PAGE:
If you lived in Victorian London, Billingsgate fish market alone could provide enough profusion and meal combinations to last a lifetime: mussels, cockles, winkles, shrimp, turbot, cod, salmon, plaice, herring, eels, haddock, sole and more. Butchers and specialized merchants offered all manner and cuts of pork, lamb, beef and chicken, including the awful offal we dare not eat today. Fruits and vegetables in countless variety could be had at Covent Garden market just down the way.
If you could afford it, coffee was pouring in from the colonies, as was sugar and cocoa – the Cadbury family made its mark in chocolate in Victorian times – and all sorts of tropical oils, bound to be the mainstay of all good chip shops.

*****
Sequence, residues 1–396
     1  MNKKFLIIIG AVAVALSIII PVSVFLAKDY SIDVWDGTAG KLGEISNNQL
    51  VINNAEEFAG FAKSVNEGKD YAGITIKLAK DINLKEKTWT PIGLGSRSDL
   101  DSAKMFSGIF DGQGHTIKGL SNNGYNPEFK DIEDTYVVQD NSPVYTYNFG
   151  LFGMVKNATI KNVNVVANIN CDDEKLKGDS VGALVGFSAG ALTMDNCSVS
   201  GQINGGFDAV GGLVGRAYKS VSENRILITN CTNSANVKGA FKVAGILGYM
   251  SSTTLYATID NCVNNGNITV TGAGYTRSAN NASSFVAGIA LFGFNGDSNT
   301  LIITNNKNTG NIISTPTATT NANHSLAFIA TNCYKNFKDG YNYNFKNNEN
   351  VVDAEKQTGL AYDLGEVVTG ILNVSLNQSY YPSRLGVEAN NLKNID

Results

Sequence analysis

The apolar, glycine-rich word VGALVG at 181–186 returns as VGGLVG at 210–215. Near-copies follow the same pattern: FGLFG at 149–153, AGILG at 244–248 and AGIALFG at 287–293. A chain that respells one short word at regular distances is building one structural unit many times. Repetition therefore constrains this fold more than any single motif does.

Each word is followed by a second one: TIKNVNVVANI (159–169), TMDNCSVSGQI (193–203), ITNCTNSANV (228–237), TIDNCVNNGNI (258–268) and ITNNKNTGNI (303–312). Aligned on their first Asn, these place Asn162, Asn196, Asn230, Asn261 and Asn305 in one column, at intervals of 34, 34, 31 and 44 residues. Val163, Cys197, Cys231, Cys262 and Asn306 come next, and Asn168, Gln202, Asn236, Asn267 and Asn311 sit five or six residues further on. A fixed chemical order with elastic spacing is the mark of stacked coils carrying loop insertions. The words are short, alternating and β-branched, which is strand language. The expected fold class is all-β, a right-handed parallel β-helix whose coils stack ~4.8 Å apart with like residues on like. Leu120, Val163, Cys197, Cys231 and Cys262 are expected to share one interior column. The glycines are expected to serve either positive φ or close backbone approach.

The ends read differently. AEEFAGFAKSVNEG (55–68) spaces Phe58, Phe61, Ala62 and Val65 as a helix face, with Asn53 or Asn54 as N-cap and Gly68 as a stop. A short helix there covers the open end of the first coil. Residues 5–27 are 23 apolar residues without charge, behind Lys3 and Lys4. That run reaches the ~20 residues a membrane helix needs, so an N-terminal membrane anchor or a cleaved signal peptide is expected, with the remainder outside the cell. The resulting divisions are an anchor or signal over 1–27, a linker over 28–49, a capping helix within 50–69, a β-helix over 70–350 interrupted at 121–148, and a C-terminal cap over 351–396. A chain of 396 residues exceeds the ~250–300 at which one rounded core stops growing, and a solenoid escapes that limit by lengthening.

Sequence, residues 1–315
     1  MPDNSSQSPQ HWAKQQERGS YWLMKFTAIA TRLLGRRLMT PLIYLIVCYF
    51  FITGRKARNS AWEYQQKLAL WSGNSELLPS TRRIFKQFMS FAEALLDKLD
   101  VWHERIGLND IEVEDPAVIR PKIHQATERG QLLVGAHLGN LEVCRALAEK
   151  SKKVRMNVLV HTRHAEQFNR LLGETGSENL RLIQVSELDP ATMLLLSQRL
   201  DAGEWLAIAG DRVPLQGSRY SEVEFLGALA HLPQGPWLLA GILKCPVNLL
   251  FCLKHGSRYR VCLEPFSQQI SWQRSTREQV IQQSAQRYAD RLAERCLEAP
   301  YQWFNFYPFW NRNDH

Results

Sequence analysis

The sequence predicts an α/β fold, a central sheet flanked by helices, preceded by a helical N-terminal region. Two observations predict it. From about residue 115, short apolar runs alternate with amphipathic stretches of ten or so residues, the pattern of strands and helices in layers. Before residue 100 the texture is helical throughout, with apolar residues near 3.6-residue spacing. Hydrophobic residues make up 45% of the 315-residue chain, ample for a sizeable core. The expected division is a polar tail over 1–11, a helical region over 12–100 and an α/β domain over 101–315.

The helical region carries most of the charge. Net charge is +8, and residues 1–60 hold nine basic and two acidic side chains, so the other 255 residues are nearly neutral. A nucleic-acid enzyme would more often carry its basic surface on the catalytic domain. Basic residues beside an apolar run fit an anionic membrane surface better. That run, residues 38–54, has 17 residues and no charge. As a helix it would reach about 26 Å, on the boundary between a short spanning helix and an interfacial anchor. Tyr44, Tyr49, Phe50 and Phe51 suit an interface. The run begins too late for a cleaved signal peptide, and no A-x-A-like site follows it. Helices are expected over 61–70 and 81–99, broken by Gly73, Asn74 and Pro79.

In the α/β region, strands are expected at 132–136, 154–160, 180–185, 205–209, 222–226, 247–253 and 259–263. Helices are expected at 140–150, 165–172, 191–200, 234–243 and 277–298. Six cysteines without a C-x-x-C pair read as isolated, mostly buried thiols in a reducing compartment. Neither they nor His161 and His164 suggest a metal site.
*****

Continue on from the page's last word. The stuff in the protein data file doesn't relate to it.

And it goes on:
But despite the illusion of plenty, the Industrial Revolution coupled with no social safety net meant that poverty lived next to luxury. Around the time Queen Victoria was born, about one-third of the people of London were living in dire poverty and were lucky to eat roasted rat on a stick. At the time of her coronation, an experienced weaver lucky enough to have a job earned enough to buy 30 loaves of bread a day.
Ironically, if anything has carried over to our times that commemorates Queen Victoria, it has nothing to do with May 24. She married the German Prince Albert in 1840 and from then on the Royal Family observed the German tradition of having a decorated evergreen tree in their home at Christmas. Every good Englishman – and Canadian – soon followed.
So Merry Christmas, Queen Victoria. We’ll toast you on the 25th – of December.
Glenda Bartosh is an award-winning freelance writer who gives the Victoria Day parade in Victoria the gold medal for having the most marching bands in one spot at one time.